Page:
Looks-wise, I like it a lot. I don’t think it’s quite as aesthetically pleasing as the Anniversary Heritage Softail that Mick was coincidentally picking up from M&W at the same time I was collecting the Presser, but the Classic is appealing to look at nonetheless.
I know it’s a long bow to draw, but from some angles it reminded me of Al’s perfect WLA – probably due to the blacked out lower screen.
Anyway, that’s the first impressions. More to follow. Maybe a decent fang down the coast tomorrow.
Full test will be Heavy Duty #164.
“Long may you run, long may you run
Although these changes have come
With your chrome heart shining in the sun
Long may you run.”
Part III: Running Down a Dream.
"It was a beautiful day, the sun beat down
I had the radio on, I was drivin'
The trees went by, me and Del were singin'
Little runaway, I was flyin'"
Tom Petty’s 1988 Classic was today’s playlist ‘eargasm’. If I could dance and ride at the same time I would have.
Tom popped up while I was rockin’ the Heritage Classic around the delightfully named hamlet of ‘Woongoobla’.
It's situated in the coastal corridor of cane fields and prawn farms that lie East of the M1, between the upper reaches of the Gold Coast and the Southern Bay-side Suburbs of Brisbane - and it’s actually not bad riding country. It is coastal-plains-flatland, but there are some good corners to be found and some nicely empty back roads running through the cane. The posted speed limits aren’t stupid-slow either.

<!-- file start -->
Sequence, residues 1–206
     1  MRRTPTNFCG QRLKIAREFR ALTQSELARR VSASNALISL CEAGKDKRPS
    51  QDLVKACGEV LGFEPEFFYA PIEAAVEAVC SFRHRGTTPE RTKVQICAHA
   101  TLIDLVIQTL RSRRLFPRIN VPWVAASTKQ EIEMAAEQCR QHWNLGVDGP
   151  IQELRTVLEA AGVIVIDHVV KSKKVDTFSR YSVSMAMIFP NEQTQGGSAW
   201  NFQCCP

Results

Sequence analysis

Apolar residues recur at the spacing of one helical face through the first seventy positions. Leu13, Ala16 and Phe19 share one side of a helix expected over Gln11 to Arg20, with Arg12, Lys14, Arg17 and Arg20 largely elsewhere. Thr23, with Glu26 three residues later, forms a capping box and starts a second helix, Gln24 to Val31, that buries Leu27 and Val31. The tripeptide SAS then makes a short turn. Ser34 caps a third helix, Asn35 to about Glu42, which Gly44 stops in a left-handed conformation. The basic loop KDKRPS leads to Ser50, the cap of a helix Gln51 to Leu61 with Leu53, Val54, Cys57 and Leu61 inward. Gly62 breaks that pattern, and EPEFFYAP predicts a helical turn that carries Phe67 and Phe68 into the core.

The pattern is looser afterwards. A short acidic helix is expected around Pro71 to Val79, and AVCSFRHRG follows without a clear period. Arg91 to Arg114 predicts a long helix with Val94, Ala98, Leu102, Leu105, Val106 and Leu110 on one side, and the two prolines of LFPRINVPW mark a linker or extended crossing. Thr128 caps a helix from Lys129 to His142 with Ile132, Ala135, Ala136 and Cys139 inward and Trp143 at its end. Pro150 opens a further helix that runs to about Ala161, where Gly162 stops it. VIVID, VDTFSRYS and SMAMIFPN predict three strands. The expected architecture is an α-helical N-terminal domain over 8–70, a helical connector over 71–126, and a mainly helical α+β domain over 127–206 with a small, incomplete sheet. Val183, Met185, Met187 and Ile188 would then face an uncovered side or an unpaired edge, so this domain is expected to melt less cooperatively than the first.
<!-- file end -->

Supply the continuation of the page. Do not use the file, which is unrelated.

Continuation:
The late morning temperature was already well into the 30’s by the time I wheeled the Heritage onto the M1 near Loganholme with light winds and clear skies prevailing.
I’m still quite surprised by just how comfortable the new model is. For those that don’t know me, I’m 6’5” or 195cm in the new money and big. I can get by with a stocker, but normally I need a Harley ‘Extended reach’ saddle on a Road King or Street Glide for optimum comfort.
Even on older model Heritage Softails I was pushed a little closer to the handlebars than I’d ideally like by the big bolster that separates the rider and pillion accommodation. All easily fixed with a visit to the accessory catalogue of course, but so far, on two reasonably decent rides, I’ve been perfectly comfy on the new model throughout. No need to change it at all.